We made a terrible blunder in the Thirties by not listening to Hitler's threats and by not believing that he was actually serious about carrying them out.

    We simply cannot afford to make this same mistake again with Ahmadinejad, not with the threat of nuclear bombs. We must believe what he is telling us and the world, we must acknowledge the uncomfortable but undeniable fact that he is backing up his threats with actions.

    There are some good plans on the table for doing it the right way.
    I, for one, don't see that we have a choice.

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  7. Moe was into horse racing. He was looking for horses that would carry men into battle and remain in it for the long haul. In that sense, strength was a combination of speed and stamina.

    In Usama's metaphor, the strong horse is one with a combination of speed, stamina and spirit. That translates into weaponry, manpower, and indomitable will to apply them to total conquest.

    Our disdain for war, our reluctance to kill people and destroy property, our reluctance to suffer casualties and our worry over collateral damage mark us as the weak horse who will lose the race.

    We are dealing with a society whose attributes include supremacism & triumphalism. Allah has promised them "a near victory", meaning in the near future and close to home.

    Predators seek the slow and weak, victims who can not outrun or out fight them. Islam, being a predator, probes for signs of weakness. They found weakness and they are exploiting it.

    Download EgregiousAyat.chm from my web site and read the chapter on Supremacism & Triumphalism. The devil is in the details. In Ibn Kathir's Tafsir, seek out the topics with "good news" in their titles. You will find them in my blog post titled ROPMA.

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  8. May I link to this post, with you credited of course?

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  9. RG,
    This is an excellent post and your readers comments are a world of knowledge as well.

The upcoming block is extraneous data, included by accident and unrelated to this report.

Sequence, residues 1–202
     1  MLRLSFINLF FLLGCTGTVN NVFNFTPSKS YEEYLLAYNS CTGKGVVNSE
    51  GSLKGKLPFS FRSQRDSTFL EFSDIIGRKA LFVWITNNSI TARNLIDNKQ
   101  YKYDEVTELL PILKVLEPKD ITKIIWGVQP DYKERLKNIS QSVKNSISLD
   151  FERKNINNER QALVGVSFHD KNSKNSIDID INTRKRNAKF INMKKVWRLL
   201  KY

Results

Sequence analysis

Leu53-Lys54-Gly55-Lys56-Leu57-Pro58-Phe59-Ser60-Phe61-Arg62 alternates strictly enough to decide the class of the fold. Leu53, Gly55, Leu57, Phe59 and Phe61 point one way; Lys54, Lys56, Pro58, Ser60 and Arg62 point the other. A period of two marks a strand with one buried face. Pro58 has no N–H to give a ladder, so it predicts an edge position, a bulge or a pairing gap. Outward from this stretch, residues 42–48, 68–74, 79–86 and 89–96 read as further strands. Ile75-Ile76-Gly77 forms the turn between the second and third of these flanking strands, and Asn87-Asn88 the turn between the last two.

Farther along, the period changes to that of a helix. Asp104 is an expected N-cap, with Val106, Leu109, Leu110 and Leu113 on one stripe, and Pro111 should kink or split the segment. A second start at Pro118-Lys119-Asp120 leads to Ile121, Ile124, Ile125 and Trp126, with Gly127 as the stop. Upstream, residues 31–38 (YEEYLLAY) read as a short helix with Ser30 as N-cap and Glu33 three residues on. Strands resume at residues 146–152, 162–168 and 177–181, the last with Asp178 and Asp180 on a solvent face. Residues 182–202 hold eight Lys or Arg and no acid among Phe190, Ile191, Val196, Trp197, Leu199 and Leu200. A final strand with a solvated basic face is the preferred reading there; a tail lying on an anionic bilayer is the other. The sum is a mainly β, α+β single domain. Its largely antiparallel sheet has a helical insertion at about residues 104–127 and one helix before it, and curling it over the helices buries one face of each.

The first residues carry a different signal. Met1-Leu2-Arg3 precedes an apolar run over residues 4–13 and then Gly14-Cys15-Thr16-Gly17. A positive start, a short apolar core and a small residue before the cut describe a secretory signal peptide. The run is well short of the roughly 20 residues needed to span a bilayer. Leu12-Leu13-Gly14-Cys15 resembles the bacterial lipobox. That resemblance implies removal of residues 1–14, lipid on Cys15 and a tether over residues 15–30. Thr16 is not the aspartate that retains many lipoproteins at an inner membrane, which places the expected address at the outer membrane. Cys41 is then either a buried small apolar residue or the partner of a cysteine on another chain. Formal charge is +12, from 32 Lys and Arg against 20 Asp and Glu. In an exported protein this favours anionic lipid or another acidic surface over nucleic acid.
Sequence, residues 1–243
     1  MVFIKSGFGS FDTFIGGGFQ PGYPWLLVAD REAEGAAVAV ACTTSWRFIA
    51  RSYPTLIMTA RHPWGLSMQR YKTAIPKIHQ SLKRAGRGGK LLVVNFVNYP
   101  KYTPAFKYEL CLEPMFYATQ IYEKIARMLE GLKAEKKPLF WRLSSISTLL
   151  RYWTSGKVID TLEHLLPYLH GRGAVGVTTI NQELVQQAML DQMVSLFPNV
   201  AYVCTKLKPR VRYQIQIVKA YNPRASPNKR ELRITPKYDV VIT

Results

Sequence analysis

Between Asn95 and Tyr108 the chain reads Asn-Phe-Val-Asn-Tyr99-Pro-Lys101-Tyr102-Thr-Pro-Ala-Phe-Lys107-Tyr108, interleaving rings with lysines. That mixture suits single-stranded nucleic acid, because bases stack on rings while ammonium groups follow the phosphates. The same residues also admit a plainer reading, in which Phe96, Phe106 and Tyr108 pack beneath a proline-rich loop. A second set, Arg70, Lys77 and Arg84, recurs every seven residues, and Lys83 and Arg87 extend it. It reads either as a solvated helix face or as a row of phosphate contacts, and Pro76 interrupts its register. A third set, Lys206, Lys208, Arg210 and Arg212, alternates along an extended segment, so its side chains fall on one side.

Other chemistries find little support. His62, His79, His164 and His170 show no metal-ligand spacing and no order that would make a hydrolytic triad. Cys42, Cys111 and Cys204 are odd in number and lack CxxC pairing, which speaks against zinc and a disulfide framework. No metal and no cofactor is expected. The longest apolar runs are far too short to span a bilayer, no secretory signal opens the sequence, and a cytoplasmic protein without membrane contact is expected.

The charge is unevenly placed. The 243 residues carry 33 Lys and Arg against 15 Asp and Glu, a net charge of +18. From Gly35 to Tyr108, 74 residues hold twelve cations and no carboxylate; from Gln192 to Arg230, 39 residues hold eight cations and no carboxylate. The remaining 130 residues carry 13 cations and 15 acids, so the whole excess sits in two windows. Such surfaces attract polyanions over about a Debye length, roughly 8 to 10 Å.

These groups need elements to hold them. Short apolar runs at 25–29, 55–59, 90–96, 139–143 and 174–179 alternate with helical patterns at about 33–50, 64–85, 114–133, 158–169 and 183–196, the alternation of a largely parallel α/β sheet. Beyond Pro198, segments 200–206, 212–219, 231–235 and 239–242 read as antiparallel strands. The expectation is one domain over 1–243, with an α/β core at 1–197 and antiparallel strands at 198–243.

I look forward to reading more ~
    Ana

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  10. Granted, between horses most people would choose the strong horse.
    But watching horses, even our own, handicappling and hedging bets, and preparing nice remarks in the event we might only rate "Place" and "Show", seems to be "Americana's" current involvement.
    It's one thing to look at war, crisis and ...outright political criminality as a spectator sport.
    It's another thing to mount up.

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  11. Thanks again Ben.

    Jungle Mom. Of course you can, I'd be honored.You never have to ask, just give me a heads up if you can so I can go and check it out.

    Thank you Ana Rebecca for your kind remarks.

    And right on Shawmut.
    I think you and I, and quite a few of our regular readers have mounted up in the past, and would even be willing to do it again 9 If they'd be interested in taking on a 71 year old -- lol)

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  12. Rome, as well as Greece, and many of the Earlier Civilizations fell because after their Conservative and Patriotic Forms of Governments reached a high degree of development and Financial well being, they somehow allowed the Decadent wealthy and Effeminate Intellectual class to take over the Government via a self Promoting Royalist minded Narcisstic group ( see our current Crop of LOONS) who believe that a strong Centrally Directed Benevolent Tyrranny ( Socialism or Communism ) will be the Opiate for the masses to keep them in Power Forever... and Guess what: the LOONS are at OUR GATES .. Just like the Visigoths sacked Rome, Our Domestic ones are about to do US IN!!!

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  13. I will be posting this tonight.

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  14. Let me know what you have it posted Jungle Mom! and Happy Memorial DAY!